A legend of the entertainment circuit, he’s respected by the likes of Robert Webb and Frank Skinner and admired by the TV execs who know he can still bring in an audience. Fame may be fading and pay cheques dwindling, but life is good for Paul – until, early one morning, a knock on the door from the police threatens to destroy his career and his family.
He’s clearly done his homework; the opening episode is peppered with keen touches and observations. The Sun front page, suspiciously timed to coincide with the initial police interview. The smug taxi driver, who announces with glee that he’s left the meter running all the time that Paul has been fighting through the media scrum. The Channel 4 executive, who tells Paul that he’s bringing in a new face to front their daytime quiz show: “Just someone to keep your seat warm until you come back,” he says, full of forced regret.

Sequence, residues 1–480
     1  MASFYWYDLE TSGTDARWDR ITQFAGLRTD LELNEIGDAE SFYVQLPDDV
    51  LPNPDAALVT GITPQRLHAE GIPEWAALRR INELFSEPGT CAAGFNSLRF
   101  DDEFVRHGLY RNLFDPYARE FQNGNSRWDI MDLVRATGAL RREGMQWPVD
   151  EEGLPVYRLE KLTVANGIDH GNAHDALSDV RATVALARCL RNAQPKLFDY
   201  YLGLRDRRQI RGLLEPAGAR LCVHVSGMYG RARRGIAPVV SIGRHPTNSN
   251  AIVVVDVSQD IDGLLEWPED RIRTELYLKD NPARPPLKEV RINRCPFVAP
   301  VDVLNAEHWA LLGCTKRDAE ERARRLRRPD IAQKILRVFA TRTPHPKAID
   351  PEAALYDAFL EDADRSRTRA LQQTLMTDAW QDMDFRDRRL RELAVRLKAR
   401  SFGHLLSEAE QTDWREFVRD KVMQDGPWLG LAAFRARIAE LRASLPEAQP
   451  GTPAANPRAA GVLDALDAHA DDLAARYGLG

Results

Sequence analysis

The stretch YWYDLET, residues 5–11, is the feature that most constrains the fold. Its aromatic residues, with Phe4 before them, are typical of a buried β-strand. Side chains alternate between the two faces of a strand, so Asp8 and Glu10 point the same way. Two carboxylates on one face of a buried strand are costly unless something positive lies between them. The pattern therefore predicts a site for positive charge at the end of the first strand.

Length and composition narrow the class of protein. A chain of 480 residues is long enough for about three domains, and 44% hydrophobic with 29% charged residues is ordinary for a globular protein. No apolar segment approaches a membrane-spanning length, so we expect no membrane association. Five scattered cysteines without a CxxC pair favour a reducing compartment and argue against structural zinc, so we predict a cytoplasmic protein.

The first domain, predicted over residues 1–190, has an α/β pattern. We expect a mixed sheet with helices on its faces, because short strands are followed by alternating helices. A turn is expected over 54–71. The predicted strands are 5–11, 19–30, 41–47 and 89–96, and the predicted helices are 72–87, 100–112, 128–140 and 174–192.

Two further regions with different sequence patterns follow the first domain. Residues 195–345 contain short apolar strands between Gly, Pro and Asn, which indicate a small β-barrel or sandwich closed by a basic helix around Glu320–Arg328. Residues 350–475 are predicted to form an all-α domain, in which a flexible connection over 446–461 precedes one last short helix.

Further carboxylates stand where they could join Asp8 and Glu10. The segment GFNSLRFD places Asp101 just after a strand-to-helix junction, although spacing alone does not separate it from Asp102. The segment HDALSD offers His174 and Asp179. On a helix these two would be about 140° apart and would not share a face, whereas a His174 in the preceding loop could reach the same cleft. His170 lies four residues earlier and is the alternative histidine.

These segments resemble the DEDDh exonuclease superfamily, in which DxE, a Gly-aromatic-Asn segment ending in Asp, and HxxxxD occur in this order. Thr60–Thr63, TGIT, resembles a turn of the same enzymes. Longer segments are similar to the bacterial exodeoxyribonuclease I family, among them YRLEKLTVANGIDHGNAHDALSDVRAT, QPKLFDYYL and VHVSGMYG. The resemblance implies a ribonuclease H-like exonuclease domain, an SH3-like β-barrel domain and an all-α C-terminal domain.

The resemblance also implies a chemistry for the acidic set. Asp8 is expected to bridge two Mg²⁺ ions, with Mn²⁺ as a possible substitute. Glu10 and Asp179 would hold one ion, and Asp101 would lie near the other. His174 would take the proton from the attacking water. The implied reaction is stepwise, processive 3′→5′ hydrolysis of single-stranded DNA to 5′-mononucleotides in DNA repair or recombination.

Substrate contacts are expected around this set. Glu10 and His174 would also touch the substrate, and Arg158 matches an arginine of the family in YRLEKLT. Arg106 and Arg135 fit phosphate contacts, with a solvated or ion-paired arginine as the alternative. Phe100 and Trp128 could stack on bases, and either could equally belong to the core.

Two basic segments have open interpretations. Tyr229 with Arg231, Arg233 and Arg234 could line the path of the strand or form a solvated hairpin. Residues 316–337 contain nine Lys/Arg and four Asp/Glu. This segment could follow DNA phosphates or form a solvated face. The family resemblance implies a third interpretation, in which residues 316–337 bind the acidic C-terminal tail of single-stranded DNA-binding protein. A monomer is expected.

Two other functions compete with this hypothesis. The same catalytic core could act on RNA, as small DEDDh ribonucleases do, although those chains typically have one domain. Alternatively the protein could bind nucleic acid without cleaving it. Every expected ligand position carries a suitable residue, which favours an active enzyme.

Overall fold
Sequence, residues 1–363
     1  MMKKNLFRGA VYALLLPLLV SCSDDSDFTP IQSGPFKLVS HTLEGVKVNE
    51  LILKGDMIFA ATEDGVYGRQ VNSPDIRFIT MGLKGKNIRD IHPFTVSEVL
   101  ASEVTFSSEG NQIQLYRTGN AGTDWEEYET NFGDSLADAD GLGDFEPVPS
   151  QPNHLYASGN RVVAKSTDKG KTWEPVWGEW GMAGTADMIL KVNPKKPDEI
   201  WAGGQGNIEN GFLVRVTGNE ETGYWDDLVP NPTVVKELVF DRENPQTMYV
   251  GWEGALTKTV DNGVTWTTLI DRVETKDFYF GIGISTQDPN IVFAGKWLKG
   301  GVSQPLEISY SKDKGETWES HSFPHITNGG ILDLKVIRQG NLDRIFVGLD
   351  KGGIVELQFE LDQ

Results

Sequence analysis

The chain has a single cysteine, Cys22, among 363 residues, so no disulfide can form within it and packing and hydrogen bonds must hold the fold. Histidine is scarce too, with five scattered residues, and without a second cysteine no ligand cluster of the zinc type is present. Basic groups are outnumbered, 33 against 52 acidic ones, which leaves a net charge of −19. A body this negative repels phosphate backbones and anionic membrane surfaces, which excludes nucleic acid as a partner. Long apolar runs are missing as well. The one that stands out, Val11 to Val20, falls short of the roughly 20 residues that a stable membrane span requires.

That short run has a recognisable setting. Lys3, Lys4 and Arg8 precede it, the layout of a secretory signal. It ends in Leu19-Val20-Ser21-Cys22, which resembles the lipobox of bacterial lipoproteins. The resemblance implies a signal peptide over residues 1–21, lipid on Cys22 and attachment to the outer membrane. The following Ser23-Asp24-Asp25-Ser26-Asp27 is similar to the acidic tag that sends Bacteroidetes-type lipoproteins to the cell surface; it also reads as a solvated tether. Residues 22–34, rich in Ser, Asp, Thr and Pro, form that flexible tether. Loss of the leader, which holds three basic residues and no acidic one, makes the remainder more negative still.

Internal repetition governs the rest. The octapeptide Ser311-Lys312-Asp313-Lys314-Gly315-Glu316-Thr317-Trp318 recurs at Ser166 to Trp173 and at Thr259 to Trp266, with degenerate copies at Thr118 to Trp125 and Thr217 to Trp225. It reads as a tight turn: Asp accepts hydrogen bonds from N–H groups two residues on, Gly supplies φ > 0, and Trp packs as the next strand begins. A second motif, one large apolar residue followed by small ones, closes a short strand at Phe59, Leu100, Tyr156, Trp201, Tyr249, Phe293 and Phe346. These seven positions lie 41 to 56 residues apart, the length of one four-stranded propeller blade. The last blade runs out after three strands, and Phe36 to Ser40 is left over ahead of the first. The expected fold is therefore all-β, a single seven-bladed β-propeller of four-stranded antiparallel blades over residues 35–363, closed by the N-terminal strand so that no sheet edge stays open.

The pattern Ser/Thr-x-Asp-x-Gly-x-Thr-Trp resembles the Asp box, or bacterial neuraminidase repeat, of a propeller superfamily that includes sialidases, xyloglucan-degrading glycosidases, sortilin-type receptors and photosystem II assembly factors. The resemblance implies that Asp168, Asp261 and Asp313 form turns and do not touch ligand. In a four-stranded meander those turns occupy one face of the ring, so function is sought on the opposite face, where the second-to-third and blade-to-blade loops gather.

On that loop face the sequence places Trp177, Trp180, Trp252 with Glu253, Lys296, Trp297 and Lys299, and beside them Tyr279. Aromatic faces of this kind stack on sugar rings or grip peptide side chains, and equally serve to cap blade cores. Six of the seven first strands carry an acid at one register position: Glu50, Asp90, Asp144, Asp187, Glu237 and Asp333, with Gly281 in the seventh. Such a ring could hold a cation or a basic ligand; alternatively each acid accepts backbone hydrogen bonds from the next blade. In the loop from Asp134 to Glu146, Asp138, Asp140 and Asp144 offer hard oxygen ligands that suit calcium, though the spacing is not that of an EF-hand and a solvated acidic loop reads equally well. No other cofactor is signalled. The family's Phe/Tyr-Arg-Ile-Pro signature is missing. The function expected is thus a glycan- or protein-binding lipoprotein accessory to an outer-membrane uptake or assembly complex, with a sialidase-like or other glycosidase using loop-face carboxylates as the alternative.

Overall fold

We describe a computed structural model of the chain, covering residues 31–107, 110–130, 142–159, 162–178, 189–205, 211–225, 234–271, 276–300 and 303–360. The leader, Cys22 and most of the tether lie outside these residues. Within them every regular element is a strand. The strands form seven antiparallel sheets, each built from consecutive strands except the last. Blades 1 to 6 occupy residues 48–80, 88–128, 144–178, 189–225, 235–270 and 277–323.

Did he do it? Does Paul Finchley really have something terrible in his past to hide? It’s uncomfortable playing a straight whodunit game here, but that’s what the writing forces you to do: piece the evidence together, pick up the scraps of information that the drama drops you.
“Never could tell when you were joking,” Paul’s comedy partner Carl (Tim McInnerny) says pointedly. It’s a line that will resonate throughout National Treasure. Is he being straight with us? Is he being straight with himself? Is he brushing off terrible accusations the only way he knows how, with a joke? Or are we the fools for believing him?
Comedy conceals, covers over our darkest thoughts and wishes. But what happens when the laughter stops?
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